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Verdict: 
Superbly practical commuting jacket with fantastic performance and a soupçon of style
Weight: 
613g
Contact: 

The Howies Herald is a fantastic waterproof jacket that's ideal for commuters. A little more reflectivity for night riding would make it nigh-on faultless.

  • Pros: Fab styling and practicality, excellent wet weather capabilities, great breathability
  • Cons: Could do with more reflectivity, fit just a little tight in the shoulders

Howies makes some really great, practical cycling kit that has the added advantage of not being overtly cycling-styled. I recently tested the rather fun Drizzler blazer and was impressed by its surprisingly impressive performance on the bike.

> Buy this online here

The Herald is a more obviously jacket for active wear, even if it's not clearly cycling-specific. It's made from a two-layer, matt waterproof and breathable nylon shell, with a mesh polyester lining. Seams are double taped for added water protection while the lightweight fleece collar is there for a spot of comfort.

Perhaps more exciting than the Herald's fabric is its practical design. There are two typical zipped hand pockets, a subtle zipped chest pocket, a zipped internal pocket and – my personal fave – a zipped forearm pocket with fitted bungee cord and clip for secure holding of your front door key. (I'm going back a bit with my references here, but I'm pretty sure Frank Spencer or Mr Bean had something similar.)

Howies Herald forearm pocket.jpg

The Herald also has a really good hood with plenty of coverage, which can be rolled and stored in the collar with a poppered retaining strap. Velcro'd storm cuffs and full-length front zip storm flap go a step further to keep the elements at bay.

Howies Herald storm cuff.jpg

But one of its best features is the drop-down rear flap, with an added section of material at the lower back. This can be poppered up when you want to look casual but easily unpopped when you need some fundamental coverage on the bike.

Howies Herald rear flap dropped.jpg
Howies Herald rear flap hidden.jpg

How does all that translate to performance in action? The answer is: very well. The Herald's material doesn't feel like typical waterproof fabric – it's a little softer and less plasticky – but sure enough, rain beads and collects on the surface with absolutely nothing getting through. From constant drizzle to downpour, it does a fantastic job of keeping you dry.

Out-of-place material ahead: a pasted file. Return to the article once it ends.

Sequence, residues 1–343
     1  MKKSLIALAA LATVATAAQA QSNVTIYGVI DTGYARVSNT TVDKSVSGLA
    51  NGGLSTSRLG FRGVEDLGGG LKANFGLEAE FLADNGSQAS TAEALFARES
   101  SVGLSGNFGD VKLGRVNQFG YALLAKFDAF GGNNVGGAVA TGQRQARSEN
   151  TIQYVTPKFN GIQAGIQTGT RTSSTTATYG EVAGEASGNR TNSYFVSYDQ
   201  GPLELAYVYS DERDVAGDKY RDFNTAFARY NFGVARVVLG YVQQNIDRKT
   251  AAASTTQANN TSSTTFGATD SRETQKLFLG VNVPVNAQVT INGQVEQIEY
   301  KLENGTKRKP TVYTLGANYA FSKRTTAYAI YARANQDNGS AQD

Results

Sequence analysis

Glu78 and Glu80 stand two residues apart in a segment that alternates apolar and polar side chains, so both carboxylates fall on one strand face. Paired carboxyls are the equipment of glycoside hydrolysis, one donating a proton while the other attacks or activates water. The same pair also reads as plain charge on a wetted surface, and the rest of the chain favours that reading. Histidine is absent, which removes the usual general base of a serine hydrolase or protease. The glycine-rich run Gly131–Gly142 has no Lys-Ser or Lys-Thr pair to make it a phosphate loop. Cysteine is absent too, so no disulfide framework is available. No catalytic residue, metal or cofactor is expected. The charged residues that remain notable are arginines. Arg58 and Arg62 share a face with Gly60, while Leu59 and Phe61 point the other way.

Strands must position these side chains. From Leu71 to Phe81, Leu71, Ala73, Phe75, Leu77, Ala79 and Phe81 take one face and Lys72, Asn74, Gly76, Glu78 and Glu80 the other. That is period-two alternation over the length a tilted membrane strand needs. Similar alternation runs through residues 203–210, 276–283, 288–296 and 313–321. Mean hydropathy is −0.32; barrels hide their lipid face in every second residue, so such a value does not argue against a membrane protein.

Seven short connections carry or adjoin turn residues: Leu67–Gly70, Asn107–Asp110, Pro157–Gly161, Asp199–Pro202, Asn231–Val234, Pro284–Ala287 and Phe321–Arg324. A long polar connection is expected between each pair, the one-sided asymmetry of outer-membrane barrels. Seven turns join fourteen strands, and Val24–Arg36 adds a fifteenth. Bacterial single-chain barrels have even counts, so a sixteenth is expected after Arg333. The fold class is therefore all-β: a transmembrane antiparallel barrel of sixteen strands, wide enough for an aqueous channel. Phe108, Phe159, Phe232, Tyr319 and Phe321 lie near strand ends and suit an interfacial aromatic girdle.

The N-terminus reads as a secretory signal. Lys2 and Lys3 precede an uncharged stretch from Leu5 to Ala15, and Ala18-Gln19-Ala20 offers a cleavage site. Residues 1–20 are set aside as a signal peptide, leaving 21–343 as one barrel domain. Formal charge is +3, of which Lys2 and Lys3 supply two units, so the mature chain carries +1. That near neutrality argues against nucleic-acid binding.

Howies Herald chest pocket

Possibly even more impressive is windproofing. I was taken aback by how good the very lightweight Drizzler was at keeping out the breeze, but with Velcro cuffs and a generally thicker build, the Herald is even better. Despite all this weatherproofing, breathability is also ace. Combined with a good underlayer and technical T-shirt, I've experienced no moisture build-up at all.

> Buyer's Guide: 29 of the best waterproof cycling jackets

In comparison to those excellent technical abilities, fit is 'only' pretty good. I went for a size XXL as I have a 46in chest and it fits nicely off the bike. With some thicker layers underneath, though, it can become a tad snug, especially across the back and under the armpits, most noticeably with arms outstretched to the handlebar. This slight constriction never really annoyed me too much, but it's there and you'd be best trying on before buying, especially if you're a bit on the broad side.

Howies Herald on bike.jpg

Also, while you will be happy to be seen in the Herald thanks to its quite stylish design, another slight imperfection means that being seen in it might not always be that easy. If you're going to use this as a smart and subtle commuting jacket, you're probably going to be wearing it in the hours of darkness at some point. To that end, the Herald falls down because the only reflective elements are the small Howies logo on the front, a two-inch stripe low down on the back, and the retaining strap that holds the rolled hood (which won't be seen if the hood is unrolled and sitting back naturally).

That seems a shame because I think Howies has missed its own trick here. That clever pop-down rear flap that so helpfully helps add a little extra coverage over your backside would be the perfect place to load up with reflectivity. And because it folds up, the jacket still wouldn't have to scream 'cyclist' if you didn't want it to.

Value and conclusion

In terms of effective cycle commuting jackets that also offer great off-the-bike performance and style, the Resolute Bay is probably the nearest rival to the Herald. That comes with far better reflectivity than the Howies, but it also costs £200. The Rapha Hooded Rain Jacket II is another good option, but again it's a fair bit more than the Herald at £230. Rapha also does the more affordable Commuter Jacket at £100, but its abilities and performance are no match for the Herald. In this context, then, Howies has a pretty good value proposition on its hand.

> Buyer's guide: The best casual cycling kit for commuting